I’ve wanted for a while now to try writing a story “live” here, posting my work as I went from initial idea to finished piece. I might still do that, but for now, here’s a related series of posts. I spent the past forty days writing a new novel (“Lisa & Charlie & Mark & Suzi & Monica & Tyrell,” though my working title was “The Porn Novel”), and want to share with you how I did that. My hope is this will prove less an exercise in vanity and more something instructive—like, you might want to do the exact opposite of me.
Let me state up front that I don’t think there’s any one way to write novels, or fiction, and I don’t approach all of my projects in the same way. And what works for me may not work for you. But I have developed some basic procedures that I find useful and that you might enjoy trying. Also, this time around, I encountered some formal problems that should make for good discussion.
I write pretty quickly, but forty days is the fastest I’ve written a novel. (This is the third one I’ve really completed.) My first novel, Giant Slugs, took nearly a decade from start to finish, during which time I wrote three completely different versions of the book. That experience was, on the whole, difficult and often mystifying. Only in the final two years, when I wrote the final version of the novel, did I feel as though I understood what I was doing, and even then I felt crazily out of control most of the time. I had by then a Master’s in Creative Writing, but never received much instruction in novels, so I had to figure out a great deal on my own. (Perhaps that’s inevitable?)
I wrote my second novel, “The New Boyfriend” (still unpublished) as an anti-Giant Slugs: whereas GS is a mock-epic with dozens of characters and locations, covering several years, “TNBF” is a single scene featuring four characters, set in a single location on a Sunday afternoon/evening. That project took me seventy-five days total, which taught me that time is a resource, and some projects take less of it than others. I’m sure I’ll return to more time-intensive projects later, but for now, I’m having fun sprinting.
Recently I’ve wanted to try writing a novel in one month, and when I dreamed up this new project, it seemed a good candidate for that. (And, no, I’ve never done NaNoWriMo, though I have done the 3-Day Novel Contest about six times. I learned a lot from doing the 3-Day, but never produced what I’d consider a finished novel.)
[Matchup #12 in Tournament of Bookshit]
On “What is your novel about?”…
The kneejerk hatred of “Wiyna?” has partly to do with the dread of trying to encompass an entire novel in a soundbite, along with the sense that revealing something that took a lot of effort and patience to write a novel about, something that the author may have spent a long time probing the aboutness of, something that now probably has an amount of sacredness to the author, to casually remark, “It’s about…” can be taken as an attempt to devalue/demystify the novel from the author’s point of view.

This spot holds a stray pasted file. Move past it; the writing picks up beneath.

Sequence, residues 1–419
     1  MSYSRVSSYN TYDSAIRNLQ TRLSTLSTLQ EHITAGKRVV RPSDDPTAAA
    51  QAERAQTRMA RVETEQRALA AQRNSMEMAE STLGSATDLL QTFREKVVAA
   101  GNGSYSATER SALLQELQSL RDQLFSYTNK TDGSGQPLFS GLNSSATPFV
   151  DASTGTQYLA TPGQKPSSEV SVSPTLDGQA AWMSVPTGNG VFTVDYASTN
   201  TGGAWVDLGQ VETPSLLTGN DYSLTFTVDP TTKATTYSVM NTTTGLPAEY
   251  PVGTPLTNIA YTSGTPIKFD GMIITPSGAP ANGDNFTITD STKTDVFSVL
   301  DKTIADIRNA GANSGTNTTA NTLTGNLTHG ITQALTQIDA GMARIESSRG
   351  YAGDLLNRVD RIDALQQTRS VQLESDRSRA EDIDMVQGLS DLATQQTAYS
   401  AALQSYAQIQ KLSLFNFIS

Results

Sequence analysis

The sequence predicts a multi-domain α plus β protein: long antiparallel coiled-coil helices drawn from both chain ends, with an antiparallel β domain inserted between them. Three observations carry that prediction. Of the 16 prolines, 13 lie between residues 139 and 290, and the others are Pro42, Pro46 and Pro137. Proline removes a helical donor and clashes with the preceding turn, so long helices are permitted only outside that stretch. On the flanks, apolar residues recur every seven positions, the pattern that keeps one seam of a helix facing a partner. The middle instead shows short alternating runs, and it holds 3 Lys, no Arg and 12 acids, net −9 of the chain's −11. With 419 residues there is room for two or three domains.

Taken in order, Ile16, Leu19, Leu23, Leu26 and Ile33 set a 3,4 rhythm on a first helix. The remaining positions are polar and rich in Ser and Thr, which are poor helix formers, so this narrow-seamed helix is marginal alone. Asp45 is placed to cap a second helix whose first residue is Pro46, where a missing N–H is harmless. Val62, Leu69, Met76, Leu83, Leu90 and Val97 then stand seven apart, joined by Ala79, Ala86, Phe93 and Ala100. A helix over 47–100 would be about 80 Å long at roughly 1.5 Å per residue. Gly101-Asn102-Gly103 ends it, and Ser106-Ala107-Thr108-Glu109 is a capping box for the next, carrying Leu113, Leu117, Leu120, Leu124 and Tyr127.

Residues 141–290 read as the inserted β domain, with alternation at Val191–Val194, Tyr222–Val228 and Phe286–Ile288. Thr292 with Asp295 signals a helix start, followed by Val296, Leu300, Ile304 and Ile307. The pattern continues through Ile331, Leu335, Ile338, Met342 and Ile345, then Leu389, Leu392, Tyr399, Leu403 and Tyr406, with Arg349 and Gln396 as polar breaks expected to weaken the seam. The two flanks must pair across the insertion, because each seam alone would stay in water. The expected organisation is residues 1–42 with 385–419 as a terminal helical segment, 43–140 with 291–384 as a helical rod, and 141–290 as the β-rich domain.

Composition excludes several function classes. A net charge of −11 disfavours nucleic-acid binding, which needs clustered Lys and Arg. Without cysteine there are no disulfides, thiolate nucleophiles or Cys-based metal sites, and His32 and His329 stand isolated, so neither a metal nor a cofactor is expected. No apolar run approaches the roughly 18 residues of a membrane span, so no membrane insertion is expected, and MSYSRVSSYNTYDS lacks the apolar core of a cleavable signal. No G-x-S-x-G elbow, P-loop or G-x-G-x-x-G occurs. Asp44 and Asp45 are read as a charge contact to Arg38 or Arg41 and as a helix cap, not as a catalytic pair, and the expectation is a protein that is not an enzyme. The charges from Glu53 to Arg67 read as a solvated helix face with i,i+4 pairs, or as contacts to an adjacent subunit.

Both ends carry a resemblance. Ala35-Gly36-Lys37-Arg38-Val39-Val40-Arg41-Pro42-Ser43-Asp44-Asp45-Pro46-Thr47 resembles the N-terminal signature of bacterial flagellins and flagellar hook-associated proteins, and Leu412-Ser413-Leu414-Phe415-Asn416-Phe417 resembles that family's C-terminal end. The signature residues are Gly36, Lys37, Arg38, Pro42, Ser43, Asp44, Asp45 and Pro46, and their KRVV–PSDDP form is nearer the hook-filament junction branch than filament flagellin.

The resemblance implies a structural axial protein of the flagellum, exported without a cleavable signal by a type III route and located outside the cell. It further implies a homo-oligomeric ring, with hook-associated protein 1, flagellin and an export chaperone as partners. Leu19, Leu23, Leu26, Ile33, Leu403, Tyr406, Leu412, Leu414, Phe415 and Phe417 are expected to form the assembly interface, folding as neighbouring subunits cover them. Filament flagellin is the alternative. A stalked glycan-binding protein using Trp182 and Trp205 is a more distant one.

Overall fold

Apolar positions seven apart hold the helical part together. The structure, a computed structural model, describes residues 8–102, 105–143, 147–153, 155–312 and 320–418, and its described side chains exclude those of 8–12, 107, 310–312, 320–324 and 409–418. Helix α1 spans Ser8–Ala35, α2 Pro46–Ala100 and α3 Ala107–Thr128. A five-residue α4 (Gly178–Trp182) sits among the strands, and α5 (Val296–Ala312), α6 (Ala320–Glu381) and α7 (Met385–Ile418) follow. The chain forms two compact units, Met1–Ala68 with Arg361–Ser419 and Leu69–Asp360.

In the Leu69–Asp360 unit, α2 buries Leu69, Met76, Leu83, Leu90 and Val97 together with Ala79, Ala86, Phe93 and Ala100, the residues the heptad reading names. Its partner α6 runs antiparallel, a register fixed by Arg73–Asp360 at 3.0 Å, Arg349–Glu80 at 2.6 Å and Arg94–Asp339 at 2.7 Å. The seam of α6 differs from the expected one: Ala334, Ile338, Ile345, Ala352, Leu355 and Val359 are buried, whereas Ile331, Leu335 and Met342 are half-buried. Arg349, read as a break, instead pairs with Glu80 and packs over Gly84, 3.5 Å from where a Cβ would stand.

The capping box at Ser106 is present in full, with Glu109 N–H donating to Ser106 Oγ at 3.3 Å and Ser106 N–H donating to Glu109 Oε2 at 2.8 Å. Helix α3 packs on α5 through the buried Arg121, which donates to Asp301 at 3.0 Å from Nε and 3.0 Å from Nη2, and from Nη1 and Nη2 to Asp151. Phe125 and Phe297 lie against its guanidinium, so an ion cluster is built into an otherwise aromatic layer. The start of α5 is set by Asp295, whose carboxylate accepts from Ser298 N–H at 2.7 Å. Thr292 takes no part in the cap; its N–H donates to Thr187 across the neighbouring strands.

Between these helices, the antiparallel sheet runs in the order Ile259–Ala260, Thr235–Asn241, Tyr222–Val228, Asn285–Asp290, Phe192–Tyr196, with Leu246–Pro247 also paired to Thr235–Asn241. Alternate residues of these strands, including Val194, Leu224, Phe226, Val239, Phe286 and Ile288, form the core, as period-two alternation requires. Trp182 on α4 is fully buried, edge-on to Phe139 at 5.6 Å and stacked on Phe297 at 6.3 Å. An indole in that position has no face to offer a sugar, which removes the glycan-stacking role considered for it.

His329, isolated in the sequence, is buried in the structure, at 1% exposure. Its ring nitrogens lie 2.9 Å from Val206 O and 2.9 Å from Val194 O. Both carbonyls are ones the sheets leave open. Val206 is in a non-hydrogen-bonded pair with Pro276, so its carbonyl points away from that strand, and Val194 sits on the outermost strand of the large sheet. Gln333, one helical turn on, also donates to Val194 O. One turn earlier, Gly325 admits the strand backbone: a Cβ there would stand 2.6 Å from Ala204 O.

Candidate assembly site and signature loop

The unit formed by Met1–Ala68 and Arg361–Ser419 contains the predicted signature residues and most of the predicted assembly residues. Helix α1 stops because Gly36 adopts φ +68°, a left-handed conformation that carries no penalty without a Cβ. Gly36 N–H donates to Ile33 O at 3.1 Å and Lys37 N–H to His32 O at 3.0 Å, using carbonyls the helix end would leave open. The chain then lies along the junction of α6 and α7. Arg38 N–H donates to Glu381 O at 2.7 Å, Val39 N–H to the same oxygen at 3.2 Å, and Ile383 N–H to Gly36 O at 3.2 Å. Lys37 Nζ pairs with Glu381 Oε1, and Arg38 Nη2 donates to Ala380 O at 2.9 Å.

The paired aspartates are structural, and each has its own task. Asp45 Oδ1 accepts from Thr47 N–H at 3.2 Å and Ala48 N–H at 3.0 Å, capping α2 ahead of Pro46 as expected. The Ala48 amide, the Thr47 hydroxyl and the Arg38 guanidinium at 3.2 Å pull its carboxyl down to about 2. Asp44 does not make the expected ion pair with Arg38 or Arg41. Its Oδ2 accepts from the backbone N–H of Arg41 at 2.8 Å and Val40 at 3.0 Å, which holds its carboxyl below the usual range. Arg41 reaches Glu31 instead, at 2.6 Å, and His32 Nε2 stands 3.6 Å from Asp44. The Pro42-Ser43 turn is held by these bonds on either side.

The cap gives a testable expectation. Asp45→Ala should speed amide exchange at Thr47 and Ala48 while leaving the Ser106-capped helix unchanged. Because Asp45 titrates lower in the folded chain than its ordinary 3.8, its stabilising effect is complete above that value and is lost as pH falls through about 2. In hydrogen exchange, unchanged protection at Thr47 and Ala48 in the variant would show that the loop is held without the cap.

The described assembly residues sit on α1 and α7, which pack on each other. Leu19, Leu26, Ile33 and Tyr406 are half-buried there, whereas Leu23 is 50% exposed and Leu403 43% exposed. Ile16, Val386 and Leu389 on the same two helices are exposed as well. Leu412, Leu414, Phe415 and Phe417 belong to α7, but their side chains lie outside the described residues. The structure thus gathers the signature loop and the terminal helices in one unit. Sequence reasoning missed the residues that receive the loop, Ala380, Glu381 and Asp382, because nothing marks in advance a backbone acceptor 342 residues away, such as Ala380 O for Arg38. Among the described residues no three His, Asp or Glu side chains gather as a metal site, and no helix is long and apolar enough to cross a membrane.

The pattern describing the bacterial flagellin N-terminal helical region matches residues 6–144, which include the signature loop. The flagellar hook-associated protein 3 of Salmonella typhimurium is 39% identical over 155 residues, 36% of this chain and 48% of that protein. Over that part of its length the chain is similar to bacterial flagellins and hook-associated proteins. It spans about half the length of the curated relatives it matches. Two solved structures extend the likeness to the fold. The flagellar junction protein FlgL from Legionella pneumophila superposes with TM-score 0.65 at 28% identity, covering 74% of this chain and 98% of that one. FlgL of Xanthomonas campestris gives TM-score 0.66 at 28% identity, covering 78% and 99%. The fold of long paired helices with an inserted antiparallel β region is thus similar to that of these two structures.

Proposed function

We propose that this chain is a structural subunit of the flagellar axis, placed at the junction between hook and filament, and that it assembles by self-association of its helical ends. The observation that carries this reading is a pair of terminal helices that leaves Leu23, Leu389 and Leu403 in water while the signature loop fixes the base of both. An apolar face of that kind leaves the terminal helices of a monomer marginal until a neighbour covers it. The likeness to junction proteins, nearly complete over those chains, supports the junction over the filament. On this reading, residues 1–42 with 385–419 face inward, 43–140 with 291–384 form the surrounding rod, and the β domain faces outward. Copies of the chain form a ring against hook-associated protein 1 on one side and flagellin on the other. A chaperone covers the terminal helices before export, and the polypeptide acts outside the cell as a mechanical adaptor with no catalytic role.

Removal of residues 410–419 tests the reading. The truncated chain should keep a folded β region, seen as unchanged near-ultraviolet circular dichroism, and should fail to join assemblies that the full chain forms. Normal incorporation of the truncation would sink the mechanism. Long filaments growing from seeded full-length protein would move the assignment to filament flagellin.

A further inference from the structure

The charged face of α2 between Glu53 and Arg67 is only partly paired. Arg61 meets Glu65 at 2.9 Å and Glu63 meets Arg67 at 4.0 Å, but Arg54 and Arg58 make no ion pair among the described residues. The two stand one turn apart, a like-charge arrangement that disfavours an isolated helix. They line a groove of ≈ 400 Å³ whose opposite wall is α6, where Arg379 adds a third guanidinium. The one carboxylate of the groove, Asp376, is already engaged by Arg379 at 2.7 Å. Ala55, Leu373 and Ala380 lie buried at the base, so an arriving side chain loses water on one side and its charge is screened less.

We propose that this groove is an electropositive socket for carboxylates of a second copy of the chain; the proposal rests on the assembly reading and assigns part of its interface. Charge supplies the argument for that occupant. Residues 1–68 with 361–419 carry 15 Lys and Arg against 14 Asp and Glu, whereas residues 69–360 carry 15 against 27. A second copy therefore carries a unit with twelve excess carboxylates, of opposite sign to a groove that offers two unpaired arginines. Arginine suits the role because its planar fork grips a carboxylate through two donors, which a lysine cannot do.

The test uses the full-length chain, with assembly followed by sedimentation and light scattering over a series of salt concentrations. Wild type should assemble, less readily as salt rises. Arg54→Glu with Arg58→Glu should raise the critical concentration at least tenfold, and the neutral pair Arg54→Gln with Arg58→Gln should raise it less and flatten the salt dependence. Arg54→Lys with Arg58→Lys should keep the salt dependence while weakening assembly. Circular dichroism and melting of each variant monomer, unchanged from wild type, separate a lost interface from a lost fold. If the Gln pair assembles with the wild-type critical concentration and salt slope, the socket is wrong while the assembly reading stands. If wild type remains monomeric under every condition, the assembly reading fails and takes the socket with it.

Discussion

But for as loaded as the question comes at the author, it is almost a necessary question for the asker on a primary level. To be in conversation with an author who says, “I wrote a novel.” and says no more, it’s human nature to at least think the question “What’s it about?” or “What is it like?” or “Can you please give me some kind of concrete idea or image related to your novel so I can attach it to my memory of ‘you wrote a novel.'” One reason the asker may not completely appreciate the weight of the question is because many products of mainstream entertainment have obvious aboutnesses. For the sake of casual conversation, “Schindler’s List” is simply about the holocaust. “J. Edgar” is about J. Edgar Hoover. “Superman,” “Spiderman,” and “Batman,” are about Superman, Spiderman, and Batman, respectively. When your novel’s title is a bit abstract like “There Is No Year” or “Us,” the mind has a hard time nailing down even a thread of aboutness. And human beings like aboutnesses. They like people who like aboutnesses. So answering the question politely may leave an impression on the asker that this author is a nice person and maybe we can be friends now. READ MORE >
A little over a week has passed this NaNoWriMo, and though I am pretty much skeptical of the whole production, I have to say that I’m cracking up at some of the NaNoWriMo tips that Mark Sample sends out on his twitter feed. Follow him at samplereality (you’ll have to scroll through his feed to find his old ones) to get tips. Here’s a handful that I enjoyed:
#NaNoWriMo Tip: Reenergize your writing by changing your workspace. Move out of your parents’ basement.
#NaNoWriMo Tip: Rehearse for your imminent book tour by showing up drunk at a Borders and telling everyone “I’m here to sign my books.”
#NaNoWriMo Tip: Add tension by making the gender of your narrator indeterminate. This works for race too. And age. And number of nipples.
#NaNoWriMo Tip: Writing about a brilliant professor who solves 1,000-year-old mysteries? This is for you. Why does my cat puke in my shoes?
#NaNoWriMo tip: “Write about what you know” is good advice, unless you’re OJ Simpson.
#NaNoWriMo tip: Use foreshadowing to hint what’s to come. E.g., have the vampire say “I want to suck your blood” before he sucks blood.
#NaNoWriMo tip: Novelists should dress for success just like everyone else. Failing that, novelists should at least dress.